It wasn’t an easy task to confirm these references, considering their ages: “There was a privacy issue, so we had to ask the parents if it was OK for their kids to talk to the media,” Hagerman says.
With students and admissions officers on board to tell the story of Zinch.com, Hagerman started working on the media list. Instead of focusing solely on education media, Hagerman decided that the business press offered the best exposure for the fledgling site—an upscale readership, probably with college-bound kids or thinking about going back to school themselves.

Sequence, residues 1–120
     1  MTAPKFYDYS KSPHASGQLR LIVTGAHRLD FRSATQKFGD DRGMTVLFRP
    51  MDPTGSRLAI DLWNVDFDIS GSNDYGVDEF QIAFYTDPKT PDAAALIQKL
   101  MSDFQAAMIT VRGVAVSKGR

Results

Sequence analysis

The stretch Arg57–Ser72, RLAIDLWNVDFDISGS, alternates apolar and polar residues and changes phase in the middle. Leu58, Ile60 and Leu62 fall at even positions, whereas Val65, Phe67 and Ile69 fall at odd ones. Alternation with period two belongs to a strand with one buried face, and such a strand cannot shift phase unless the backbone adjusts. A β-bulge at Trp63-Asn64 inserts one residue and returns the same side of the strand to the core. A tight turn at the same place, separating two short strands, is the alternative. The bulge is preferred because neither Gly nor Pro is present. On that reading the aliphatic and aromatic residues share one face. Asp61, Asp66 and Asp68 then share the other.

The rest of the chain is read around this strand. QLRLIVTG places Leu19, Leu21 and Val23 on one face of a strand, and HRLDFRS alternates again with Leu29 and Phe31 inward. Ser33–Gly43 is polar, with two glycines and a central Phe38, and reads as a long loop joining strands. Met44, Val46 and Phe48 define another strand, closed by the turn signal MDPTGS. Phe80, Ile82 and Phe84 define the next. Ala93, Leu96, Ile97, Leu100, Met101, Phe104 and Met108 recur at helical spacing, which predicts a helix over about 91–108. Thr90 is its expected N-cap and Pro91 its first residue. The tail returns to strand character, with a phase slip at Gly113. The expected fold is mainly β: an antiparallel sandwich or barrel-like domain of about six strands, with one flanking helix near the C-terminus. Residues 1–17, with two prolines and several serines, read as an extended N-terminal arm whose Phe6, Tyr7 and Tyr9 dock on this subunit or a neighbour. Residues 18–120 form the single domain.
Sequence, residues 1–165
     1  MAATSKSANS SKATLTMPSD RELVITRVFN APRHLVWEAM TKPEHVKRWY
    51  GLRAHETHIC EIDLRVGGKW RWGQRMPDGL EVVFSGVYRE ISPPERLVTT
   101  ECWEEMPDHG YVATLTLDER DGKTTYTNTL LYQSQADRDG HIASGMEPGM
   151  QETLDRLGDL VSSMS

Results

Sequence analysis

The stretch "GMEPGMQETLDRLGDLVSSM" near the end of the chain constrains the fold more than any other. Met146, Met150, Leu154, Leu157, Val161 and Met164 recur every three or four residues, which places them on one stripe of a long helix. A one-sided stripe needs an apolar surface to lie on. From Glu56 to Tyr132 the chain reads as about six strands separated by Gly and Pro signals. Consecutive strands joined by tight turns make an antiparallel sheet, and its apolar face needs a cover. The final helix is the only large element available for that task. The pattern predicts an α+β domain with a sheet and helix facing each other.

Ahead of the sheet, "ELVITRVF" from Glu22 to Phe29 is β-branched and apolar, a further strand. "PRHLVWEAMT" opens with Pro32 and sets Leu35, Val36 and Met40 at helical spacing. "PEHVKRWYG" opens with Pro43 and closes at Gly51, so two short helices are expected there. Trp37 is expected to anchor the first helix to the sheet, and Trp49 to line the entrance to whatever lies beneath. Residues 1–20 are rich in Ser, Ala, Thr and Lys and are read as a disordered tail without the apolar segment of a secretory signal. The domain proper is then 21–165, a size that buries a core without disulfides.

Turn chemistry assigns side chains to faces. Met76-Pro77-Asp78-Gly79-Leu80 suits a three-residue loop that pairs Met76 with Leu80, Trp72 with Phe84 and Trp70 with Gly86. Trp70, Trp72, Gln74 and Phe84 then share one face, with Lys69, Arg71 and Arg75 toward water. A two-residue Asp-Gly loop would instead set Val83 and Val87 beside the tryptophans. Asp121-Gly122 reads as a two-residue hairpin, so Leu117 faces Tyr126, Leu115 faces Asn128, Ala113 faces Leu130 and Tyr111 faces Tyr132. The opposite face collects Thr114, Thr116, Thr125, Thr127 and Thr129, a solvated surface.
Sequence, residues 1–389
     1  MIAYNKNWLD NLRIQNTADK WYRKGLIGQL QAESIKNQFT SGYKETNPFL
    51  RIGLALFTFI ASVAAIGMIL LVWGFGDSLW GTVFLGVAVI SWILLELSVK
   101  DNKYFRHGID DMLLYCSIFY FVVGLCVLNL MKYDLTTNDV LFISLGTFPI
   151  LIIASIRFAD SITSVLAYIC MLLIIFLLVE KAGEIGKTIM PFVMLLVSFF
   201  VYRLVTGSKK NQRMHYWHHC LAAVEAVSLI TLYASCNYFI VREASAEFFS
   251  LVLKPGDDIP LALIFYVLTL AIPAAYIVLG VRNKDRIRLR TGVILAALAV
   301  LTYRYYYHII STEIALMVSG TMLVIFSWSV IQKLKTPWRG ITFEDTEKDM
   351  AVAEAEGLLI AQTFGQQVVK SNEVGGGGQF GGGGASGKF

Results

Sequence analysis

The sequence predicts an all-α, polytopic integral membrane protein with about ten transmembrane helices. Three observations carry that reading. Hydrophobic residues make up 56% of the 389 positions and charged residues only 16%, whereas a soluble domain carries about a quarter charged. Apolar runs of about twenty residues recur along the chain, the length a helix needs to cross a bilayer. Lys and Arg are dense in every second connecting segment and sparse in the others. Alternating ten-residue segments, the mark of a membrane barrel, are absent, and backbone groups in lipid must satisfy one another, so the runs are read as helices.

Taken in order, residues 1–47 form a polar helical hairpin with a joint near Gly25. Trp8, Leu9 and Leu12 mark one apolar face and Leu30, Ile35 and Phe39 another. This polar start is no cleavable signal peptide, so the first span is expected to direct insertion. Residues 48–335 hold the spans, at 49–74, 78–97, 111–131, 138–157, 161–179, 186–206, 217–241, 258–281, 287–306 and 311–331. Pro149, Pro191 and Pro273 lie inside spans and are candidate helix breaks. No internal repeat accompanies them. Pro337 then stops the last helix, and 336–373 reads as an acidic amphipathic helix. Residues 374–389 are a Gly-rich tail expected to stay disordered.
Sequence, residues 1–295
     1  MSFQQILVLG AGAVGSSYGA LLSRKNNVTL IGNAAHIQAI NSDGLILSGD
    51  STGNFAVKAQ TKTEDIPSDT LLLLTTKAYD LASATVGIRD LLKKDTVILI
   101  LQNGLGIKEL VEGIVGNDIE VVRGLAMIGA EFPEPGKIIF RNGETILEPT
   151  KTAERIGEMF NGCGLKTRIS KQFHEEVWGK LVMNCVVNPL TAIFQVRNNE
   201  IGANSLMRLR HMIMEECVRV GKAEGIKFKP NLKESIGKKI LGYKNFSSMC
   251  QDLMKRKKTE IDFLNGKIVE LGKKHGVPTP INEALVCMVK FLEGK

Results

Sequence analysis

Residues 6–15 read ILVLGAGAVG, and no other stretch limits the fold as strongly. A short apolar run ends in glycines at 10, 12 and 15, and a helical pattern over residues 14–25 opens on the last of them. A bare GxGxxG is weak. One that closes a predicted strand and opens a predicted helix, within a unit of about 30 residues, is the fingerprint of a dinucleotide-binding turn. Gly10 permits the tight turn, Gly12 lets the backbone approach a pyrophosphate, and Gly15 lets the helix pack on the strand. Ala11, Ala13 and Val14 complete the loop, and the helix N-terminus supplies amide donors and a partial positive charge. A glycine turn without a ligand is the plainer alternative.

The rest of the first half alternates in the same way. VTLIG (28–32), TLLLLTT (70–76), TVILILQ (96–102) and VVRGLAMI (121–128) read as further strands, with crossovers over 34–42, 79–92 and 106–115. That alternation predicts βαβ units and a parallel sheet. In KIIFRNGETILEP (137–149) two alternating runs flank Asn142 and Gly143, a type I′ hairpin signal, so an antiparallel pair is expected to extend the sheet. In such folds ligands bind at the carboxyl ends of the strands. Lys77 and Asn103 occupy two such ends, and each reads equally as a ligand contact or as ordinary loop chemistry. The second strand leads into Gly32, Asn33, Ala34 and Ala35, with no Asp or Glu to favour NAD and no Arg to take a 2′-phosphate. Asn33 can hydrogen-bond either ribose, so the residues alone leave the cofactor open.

The pitch: Since Zinch.com was launching in October, it would miss the traditional flurry of stories around back-to-school trends. So, Hagerman knew she couldn’t simply pitch the launch—no matter how trendy social networking is at the moment. She had to make the story fit into other education stories if she wanted to land key placements.